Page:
Sir Peter O'Sullevan, known to many as simply the 'Voice of Racing', has died at the age of 97.
O'Sullevan was a commentator for the BBC for 50 years, a tenure stretching from 1947 until his retirement in 1997.
Known for his sharp mind, even well into his later life, he had a delivery like no other and his description of the 1977 Grand National, which was Red Rum's famous third success, and Desert Orchid's popular Cheltenham Gold Cup victory in 1989 will never be forgotten.
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He was awarded a knighthood before his 50th and final Grand National commentary and even until very recently was still a regular visitor to the Cheltenham Festival.
Nigel Payne, chief executive of the Sir Peter O'Sullevan Charitable Trust, said: "Sir Peter died earlier this afternoon, very peacefully, at home.
"Sir Peter was one of the greatest men I've ever known. Only last week he was talking about what he wanted me to do for the trust in the future. He was still very alert. It's a sad day."
O'Sullevan began his career in racing in print journalism, working for the Press Association before joining the Daily Express.
Known as one of the shrewdest punters in the game, he was still beating the bookies in his later years.
Be Friendly won the King's Stand at Royal Ascot and the Prix de l'Abbaye at Longchamp as well as two Haydock Sprint Cups, and perhaps most famously of all his Attivo won the Triumph Hurdle at Cheltenham in 1974, a race O'Sullevan later described as the hardest to call in his life.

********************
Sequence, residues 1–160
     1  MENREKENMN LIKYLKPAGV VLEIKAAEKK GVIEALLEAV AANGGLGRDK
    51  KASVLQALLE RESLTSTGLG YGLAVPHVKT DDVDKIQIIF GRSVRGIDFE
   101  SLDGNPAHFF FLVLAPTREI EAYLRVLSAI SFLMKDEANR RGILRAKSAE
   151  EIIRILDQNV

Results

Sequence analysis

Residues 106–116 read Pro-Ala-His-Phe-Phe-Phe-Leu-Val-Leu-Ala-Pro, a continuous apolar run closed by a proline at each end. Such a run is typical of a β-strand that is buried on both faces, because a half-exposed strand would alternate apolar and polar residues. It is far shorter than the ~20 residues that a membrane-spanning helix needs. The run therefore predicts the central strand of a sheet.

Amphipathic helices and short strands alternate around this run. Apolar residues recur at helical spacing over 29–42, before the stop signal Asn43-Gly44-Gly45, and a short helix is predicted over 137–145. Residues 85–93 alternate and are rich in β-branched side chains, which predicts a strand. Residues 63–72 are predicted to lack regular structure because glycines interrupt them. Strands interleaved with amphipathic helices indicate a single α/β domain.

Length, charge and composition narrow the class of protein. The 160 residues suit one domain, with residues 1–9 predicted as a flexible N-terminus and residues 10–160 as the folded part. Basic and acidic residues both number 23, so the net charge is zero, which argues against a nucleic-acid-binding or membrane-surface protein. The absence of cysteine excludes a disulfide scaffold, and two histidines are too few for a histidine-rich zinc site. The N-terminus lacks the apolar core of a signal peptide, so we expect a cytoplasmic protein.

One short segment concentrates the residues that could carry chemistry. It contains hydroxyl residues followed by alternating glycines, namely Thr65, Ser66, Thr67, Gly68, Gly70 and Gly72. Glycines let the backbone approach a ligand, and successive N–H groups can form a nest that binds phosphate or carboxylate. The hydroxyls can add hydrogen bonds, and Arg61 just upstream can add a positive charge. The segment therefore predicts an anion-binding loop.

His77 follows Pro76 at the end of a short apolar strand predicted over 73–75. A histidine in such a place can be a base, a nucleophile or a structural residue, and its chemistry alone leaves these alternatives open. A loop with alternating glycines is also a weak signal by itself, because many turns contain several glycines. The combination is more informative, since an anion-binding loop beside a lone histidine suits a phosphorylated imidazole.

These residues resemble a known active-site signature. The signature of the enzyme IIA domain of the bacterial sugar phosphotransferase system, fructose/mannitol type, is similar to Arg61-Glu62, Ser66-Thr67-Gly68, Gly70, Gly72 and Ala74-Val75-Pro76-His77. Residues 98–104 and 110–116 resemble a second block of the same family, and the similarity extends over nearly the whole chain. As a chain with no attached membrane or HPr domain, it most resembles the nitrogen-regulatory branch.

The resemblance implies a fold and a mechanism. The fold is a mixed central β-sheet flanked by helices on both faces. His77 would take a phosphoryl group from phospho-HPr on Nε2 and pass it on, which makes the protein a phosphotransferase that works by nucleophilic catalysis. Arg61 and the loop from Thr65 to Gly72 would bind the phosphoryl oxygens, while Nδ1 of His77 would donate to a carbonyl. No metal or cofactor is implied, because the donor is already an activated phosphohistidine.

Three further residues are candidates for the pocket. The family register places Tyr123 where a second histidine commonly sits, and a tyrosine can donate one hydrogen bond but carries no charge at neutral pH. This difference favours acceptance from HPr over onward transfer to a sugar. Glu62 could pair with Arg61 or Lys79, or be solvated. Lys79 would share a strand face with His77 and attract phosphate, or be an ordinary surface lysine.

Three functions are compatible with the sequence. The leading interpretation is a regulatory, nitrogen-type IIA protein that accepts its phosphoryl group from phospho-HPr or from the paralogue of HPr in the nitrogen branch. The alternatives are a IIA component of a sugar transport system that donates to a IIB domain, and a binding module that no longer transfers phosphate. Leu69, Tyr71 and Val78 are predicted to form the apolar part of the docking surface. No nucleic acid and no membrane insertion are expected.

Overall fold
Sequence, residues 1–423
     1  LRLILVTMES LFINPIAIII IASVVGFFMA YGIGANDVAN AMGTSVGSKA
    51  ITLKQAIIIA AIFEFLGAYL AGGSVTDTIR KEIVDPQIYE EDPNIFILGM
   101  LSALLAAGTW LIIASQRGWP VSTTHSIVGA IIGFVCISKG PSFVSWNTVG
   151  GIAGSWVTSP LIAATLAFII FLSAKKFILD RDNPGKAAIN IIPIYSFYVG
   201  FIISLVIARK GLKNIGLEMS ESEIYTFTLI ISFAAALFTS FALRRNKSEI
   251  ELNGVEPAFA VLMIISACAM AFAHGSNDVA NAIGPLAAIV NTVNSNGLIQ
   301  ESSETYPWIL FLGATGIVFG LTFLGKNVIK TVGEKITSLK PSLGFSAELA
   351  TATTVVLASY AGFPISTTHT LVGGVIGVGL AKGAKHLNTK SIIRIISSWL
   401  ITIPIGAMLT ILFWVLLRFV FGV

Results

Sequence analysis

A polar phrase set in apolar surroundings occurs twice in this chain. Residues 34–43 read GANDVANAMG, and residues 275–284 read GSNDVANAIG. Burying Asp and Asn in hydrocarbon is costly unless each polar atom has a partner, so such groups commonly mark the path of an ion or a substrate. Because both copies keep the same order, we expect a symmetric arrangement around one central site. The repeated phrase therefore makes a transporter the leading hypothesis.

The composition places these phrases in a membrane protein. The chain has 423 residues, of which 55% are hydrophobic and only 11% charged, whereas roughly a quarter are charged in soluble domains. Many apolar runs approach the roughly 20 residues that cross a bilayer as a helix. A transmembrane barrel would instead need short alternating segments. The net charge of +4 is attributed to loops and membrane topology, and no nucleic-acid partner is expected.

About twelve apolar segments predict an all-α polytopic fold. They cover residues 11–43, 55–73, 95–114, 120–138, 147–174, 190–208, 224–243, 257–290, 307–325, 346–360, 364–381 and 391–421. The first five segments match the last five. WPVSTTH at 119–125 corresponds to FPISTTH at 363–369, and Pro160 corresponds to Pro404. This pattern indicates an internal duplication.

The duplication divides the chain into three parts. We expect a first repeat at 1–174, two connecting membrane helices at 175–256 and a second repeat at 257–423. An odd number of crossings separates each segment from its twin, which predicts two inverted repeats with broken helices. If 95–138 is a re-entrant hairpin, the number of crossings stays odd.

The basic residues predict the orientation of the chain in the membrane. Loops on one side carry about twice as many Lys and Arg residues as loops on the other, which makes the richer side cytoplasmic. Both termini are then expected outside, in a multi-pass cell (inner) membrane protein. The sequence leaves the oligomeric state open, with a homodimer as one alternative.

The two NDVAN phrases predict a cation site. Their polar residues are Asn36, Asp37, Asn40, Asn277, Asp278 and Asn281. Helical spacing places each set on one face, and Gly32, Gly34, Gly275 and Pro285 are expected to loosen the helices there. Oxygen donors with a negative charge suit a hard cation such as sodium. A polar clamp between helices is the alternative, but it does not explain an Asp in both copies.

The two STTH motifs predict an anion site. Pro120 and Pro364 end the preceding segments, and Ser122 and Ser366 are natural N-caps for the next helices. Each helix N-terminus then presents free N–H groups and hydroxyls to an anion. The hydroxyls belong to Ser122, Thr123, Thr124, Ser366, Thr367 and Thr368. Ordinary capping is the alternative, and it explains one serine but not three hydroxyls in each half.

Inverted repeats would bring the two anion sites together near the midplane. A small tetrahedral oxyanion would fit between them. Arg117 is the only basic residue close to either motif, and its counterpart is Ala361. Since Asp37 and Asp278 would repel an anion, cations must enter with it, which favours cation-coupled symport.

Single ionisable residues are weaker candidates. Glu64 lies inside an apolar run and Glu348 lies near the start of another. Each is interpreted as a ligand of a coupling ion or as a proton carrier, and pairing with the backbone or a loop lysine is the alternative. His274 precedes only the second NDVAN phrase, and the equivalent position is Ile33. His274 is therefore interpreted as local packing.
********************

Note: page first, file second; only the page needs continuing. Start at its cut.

Former jockey Jimmy Lindley, who later worked with O'Sullevan for the BBC, said: "He was a great friend and I'm so sorry.
"He doesn't just compare with the great people in racing, but in life in general.
"He always liked to give the underdog a blow up on TV to make them feel better. If they felt up against it he just had a knack of saying the right thing.
"When I first started in TV he gave me all the confidence in the world and I couldn't say enough about him.
"As a commentator no one else could give you the same feeling watching a race, he made it feel as if you were riding in it, you felt like you were on the horse yourself.
"He had a little black book with all his contacts and form lines and basically the history of racing was in it. It made him fortunes and I'd love to see it, he must have won a fortune.
"I'm so sorry to hear the news."News Now - Sport News